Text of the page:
- Informal, regularly scheduled – Regular feedback is one of the best ways to get your team to high performance. The focus is on the direct report and how they are doing at work.
- Formal – The most important thing to do is not to wait until an annual review to provide feedback. Think of these as an investment in your people. It’s going to take time and lots of preparation to provide them with a clear picture of their performance. Oh, and it should always be documented. Always. If not you could put yourself (and your company) in a pretty sticky legal situation. On the lighter side, documenting these formal reviews provides your staff with a guide that they can refer back to over time to make sure they’re on the right performance path.
The first few years of becoming a manager are really about focusing on learning, growing and developing. Millennial managers are characterized as having a management style that is collaborative, flexible, transparent, casual, and balanced.
Knowing how to manage your peers, manage, grow and develop others in an intergenerational workforce, and how to bring your strengths to the job are all key to developing in a successful career yourself.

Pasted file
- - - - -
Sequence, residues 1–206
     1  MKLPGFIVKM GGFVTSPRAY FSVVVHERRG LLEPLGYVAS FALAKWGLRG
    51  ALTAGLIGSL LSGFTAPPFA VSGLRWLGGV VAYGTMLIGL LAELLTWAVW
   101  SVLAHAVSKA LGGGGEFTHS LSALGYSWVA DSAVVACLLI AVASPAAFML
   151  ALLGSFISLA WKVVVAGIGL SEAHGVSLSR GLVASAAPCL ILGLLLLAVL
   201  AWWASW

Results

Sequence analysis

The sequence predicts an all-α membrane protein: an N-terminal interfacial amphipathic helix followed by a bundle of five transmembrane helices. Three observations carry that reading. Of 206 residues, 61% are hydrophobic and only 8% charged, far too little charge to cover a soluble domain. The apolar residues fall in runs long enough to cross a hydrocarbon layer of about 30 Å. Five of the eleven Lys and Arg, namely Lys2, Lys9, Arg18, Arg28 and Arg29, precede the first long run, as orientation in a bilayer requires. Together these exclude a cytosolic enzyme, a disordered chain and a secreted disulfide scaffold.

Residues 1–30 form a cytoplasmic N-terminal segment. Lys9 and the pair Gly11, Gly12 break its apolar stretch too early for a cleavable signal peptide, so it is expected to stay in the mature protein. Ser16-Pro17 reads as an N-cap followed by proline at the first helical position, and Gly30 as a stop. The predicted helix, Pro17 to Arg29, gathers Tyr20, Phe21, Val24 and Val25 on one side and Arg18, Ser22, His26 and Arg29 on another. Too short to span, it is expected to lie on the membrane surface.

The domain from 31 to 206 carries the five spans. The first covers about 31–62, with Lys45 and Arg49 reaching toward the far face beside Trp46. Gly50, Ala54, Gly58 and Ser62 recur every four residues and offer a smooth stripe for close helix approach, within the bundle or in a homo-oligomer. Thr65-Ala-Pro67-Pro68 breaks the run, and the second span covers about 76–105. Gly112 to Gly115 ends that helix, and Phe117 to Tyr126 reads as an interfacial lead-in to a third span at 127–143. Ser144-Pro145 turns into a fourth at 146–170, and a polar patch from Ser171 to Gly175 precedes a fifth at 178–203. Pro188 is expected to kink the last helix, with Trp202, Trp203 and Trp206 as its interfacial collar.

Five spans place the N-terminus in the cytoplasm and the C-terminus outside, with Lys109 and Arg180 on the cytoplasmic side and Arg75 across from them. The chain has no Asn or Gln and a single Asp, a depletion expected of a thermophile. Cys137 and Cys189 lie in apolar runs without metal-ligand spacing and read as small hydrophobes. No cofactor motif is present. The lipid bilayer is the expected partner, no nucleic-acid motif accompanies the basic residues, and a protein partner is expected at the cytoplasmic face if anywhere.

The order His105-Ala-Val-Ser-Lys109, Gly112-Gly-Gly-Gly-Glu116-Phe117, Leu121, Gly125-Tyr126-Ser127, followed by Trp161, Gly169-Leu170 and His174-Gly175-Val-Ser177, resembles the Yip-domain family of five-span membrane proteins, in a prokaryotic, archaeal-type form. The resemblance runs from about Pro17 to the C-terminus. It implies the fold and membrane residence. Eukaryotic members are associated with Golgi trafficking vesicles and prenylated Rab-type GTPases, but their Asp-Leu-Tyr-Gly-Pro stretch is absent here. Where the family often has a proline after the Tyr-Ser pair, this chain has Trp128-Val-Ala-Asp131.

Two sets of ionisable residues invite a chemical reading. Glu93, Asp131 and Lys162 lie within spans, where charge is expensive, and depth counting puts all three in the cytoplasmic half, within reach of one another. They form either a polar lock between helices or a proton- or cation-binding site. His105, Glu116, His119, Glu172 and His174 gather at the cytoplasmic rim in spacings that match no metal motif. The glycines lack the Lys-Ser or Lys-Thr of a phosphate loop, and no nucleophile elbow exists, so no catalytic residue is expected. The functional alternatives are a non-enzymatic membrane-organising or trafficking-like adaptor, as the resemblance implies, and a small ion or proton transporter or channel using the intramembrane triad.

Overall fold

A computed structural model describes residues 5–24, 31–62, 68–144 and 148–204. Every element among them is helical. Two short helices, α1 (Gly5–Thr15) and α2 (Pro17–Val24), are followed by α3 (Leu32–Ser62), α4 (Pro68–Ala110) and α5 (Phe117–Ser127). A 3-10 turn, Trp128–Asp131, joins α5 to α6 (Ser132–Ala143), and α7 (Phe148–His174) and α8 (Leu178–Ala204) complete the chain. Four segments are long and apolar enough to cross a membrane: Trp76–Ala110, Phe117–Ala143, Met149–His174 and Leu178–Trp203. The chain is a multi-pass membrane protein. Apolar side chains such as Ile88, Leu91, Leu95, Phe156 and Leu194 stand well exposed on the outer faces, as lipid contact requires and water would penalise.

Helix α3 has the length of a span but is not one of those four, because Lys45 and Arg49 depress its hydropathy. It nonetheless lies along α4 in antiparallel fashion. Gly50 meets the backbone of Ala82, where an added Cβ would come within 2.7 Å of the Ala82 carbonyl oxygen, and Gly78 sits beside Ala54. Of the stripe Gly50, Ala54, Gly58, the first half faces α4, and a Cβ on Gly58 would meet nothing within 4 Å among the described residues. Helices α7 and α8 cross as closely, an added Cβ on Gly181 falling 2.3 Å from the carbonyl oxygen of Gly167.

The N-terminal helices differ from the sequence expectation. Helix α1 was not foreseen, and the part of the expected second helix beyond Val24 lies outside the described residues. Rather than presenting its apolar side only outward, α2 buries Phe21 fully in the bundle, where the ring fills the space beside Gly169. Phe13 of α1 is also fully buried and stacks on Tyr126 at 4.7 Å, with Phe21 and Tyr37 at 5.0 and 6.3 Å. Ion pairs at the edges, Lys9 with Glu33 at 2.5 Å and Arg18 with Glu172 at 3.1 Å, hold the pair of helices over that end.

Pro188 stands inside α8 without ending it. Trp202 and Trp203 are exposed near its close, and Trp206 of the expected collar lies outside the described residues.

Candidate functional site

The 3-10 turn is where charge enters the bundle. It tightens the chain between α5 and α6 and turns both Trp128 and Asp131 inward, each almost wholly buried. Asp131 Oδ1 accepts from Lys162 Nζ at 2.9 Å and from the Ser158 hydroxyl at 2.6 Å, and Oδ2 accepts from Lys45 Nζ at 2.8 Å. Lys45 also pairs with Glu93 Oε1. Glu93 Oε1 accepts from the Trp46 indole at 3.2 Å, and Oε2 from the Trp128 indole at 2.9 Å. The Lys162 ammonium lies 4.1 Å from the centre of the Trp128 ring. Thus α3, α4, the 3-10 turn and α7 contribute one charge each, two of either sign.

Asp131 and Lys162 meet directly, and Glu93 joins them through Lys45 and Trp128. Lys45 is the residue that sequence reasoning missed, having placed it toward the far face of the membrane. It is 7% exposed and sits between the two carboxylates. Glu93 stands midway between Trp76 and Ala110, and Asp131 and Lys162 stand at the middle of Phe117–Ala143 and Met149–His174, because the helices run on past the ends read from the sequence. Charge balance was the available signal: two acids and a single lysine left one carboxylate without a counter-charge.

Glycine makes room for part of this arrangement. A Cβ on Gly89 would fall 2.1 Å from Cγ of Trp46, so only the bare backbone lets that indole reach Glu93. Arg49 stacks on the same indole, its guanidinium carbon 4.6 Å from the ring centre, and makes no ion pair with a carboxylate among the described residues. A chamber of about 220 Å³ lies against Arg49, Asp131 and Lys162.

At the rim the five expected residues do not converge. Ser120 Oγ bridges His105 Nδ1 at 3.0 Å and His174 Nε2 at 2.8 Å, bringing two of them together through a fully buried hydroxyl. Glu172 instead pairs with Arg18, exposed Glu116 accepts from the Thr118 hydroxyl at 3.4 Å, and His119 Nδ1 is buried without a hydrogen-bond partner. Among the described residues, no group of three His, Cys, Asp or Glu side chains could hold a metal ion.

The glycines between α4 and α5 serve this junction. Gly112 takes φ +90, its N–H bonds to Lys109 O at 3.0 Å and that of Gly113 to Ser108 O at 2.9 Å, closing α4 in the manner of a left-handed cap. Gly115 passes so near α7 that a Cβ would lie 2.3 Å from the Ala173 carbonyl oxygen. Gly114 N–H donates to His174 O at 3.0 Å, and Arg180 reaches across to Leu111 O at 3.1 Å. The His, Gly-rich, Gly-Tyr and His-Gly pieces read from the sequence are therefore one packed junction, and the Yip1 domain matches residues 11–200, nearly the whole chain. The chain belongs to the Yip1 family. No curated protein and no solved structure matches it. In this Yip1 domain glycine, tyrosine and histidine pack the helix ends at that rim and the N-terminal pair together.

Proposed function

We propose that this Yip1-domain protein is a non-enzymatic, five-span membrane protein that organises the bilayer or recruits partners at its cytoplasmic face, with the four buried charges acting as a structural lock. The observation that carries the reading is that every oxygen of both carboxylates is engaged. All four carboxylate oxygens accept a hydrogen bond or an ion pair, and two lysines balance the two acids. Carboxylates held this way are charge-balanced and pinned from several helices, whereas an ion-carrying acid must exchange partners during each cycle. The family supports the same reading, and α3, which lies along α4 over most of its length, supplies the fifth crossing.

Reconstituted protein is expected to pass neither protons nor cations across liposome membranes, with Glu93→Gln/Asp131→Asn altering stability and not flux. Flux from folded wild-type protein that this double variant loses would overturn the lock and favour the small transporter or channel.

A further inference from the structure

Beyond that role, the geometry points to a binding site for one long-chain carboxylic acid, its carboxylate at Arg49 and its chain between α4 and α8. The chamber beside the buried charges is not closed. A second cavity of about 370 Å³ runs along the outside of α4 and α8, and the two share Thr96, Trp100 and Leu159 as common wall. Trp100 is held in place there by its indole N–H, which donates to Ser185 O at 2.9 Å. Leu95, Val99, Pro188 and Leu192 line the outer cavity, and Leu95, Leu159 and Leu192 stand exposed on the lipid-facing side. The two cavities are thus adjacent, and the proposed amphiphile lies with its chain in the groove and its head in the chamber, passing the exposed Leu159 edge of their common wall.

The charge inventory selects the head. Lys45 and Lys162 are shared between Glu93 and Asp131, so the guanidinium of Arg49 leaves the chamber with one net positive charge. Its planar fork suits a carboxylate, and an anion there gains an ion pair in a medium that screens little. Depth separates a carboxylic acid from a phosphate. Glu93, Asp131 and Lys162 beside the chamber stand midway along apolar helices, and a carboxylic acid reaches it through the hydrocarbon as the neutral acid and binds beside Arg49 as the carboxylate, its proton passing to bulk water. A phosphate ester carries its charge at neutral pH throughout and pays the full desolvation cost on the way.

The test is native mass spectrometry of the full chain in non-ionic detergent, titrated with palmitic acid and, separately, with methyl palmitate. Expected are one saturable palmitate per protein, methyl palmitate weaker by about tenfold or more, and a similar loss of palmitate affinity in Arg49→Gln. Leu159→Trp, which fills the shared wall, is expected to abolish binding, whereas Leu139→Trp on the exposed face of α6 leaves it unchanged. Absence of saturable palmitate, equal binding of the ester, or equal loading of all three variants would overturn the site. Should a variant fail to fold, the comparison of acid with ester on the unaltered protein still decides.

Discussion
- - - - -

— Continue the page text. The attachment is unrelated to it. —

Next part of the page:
Engage and empower
"It’s all about building a team culture that is rewarding, inspiring, and inviting. You want people to want to do an amazing job!"
The terms “employee engagement” and “empowerment” are thrown around so much now that they’ve seemingly lost their meaning. What does it truly mean to engage and empower our workforce now?
It’s easy to mistake engagement for employee happiness or employee satisfaction. But is that really what it is? Not according to the authors.
Karsh and Templin suggest that the definition of engagement goes much deeper than that. In fact, it’s been shown that the cost of hiring and training a new employee varies anywhere between 25 and 200% of their annual compensation!
I’ll let that sink in for a second.
Turnover costs can be so high, that it’s in any companies’ best interest to do everything they can to keep their teams and employees engaged.
When it comes to engaging millennials, what’s being found is that most leave because they’re bored, disengaged and ready for something new. If you want to understand what engages your millennial workforce, ask them. Find ways to keep them engaged: provide stretch projects, job-shadowing opportunities, help find them a mentor or offer them training that will help them get to the next level in their career.